As expected, Bernie Sanders won overwhelming victories in yesterday’s caucuses in Washington state, Alaska and Hawaii, and, as expected, coverage of those victories was muted in comparison to the breathless way pre-March 15 contests were reported. As Sanders continues to lead the Democratic Party from behind, a meme is developing in some circles on the right that Bernie’s continued presence in the race is forcing Hillary so far to the left as to make her unelectable in November. A recent column in the Fiscal Times makes the case that Bernie has forced Hillary to such extremes that voters will reject her for her Bernie-induced hostility to – of all things – fossil fuel production. That’s right: in a contest where the apparent Republican nominee is Donald Trump, we are supposed to believe the election will turn on Hillary’s willingness to entertain alternative energy sources in the face of climate change.
Republicans can be forgiven for taking comfort in this sort of self-deception if it makes it easier to watch their party crumble around them, but there are several obvious reasons why the Sanders effect is being misunderstood on the right, not the least being that Republicans actually are watching their party crumble around them. Everything happening on the left is benign in comparison. Furthermore, believing Sanders’ position on global warming is so far out of the mainstream as to disqualify any Democrat who holds it is to ignore Republican dogma on the issue, which is enough to turn off an entire generation of Millennial voters who stop listening once politicians reject climate science. While Bernie is moving Hillary in his direction as they argue over which one is the truer and more reliable progressive, it’s hard to see how that hurts her in an anti-elite election cycle. Despite the “socialism” label, Bernie is positioning himself close to a large chunk of voters who agree with him that energy policy, like every other policy, is the product of a rigged system. It’s not progressives who are the radicals this year.
I agree that Bernie is doing a great service for the Republican Party, just not in the short term and not in the way Republicans may think or hope he is. Let’s start looking past the crack-up that awaits Republicans once they decide whether it is better to undermine or embrace a candidate who appeals to reactionaries and alienates just about everyone else. I will have much more to say in the coming weeks about the possibilities for the party in 2016, but the common denominator across all scenarios is the need to rebuild after it’s over. It will be impossible for Republicans to reconstruct the party as it has looked for the past four decades, and certainly as it has looked for the past seven years, if the country rejects radicalism and continues inching away from far-right orthodoxy.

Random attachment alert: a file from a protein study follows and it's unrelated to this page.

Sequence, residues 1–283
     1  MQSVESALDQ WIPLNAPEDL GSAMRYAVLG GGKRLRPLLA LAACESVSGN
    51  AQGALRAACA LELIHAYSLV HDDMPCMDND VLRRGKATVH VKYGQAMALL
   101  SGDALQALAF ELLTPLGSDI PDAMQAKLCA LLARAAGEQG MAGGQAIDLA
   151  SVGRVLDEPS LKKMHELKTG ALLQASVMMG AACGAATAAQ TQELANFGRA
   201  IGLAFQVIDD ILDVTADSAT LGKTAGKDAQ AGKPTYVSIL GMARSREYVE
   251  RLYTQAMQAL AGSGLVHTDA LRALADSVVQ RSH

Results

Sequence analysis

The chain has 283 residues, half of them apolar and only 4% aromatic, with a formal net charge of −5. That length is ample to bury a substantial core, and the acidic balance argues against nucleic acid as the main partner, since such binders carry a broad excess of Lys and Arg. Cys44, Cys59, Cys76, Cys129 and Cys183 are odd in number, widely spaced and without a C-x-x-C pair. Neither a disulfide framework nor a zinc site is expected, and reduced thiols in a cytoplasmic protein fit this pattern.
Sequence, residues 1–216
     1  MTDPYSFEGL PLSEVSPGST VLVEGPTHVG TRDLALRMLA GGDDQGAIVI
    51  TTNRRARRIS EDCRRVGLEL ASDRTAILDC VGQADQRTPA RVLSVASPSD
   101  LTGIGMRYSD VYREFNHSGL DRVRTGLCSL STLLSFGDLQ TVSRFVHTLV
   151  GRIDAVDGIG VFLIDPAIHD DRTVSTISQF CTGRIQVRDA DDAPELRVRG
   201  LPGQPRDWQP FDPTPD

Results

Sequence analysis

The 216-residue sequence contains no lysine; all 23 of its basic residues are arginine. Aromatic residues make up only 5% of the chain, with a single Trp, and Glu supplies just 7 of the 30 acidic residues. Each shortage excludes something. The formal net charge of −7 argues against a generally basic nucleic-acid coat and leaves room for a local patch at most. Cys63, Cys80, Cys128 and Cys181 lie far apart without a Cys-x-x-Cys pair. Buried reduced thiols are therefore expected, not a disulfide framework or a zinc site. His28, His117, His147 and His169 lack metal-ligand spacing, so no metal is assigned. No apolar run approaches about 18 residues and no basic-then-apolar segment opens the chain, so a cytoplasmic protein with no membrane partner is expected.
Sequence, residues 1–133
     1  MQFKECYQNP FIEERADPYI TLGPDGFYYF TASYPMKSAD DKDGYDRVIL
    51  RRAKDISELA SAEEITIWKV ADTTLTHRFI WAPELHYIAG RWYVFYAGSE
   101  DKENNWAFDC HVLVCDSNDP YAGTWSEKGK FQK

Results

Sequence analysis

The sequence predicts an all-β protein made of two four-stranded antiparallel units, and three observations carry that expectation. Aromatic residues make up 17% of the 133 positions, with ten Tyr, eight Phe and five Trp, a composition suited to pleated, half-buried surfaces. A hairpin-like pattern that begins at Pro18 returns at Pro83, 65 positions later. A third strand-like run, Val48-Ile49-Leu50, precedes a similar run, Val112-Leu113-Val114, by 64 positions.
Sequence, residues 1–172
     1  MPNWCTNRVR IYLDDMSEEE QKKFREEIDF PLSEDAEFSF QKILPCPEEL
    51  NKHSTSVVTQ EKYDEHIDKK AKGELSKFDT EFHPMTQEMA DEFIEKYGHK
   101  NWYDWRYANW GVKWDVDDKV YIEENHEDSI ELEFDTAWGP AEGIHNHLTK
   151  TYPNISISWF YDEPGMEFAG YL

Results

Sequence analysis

This is where Bernie comes in. During the period of Republican ascendancy, Democrats moved consistently closer to the right pole of political debate. In fact, this is the essence of Bernie’s disagreement with Hillary, as he rejects her neoliberal approach of using conservative means to nudge policy to the left in favor of a progressive assault on the wealthy individuals and institutions that funded neoliberal efforts. Regardless of how far he is able to move her in his direction during this election cycle, it is already clear that the Democratic Party of the future will look nothing like the party of the 1990s. This means that either quickly or gradually, Democrats will begin to vacate the center-right space it needed to occupy in order to compete in the Reagan era. In fact, one of the early headlines from this election cycle is about how that retreat has already begun.
As Democrats move left, they will leave unoccupied a political space with natural appeal to conservatives who right now are trying to rescue the Republican Party from its reactionary impulses. Those efforts seem destined to fail during this election cycle, which means theirs may be a longterm project, but eventually conservatives will need a landing place as the party re-imagines itself after it bottoms out, and the space left behind by Democrats is a natural fit. In fact, without Democrats shifting the center of political gravity to the left it is difficult to see how Republicans can reconstitute their party as an entity distinct from Democrats in a meaningful way. All of this has important ramifications for the shape of the next political alignment, which is likely to develop gradually and unevenly over a long period of time. But as events have overtaken party elites and the parameters of this election cycle have come into focus, Republicans can thank Bernie Sanders for spearheading changes in the Democratic Party from which they may benefit way down the line.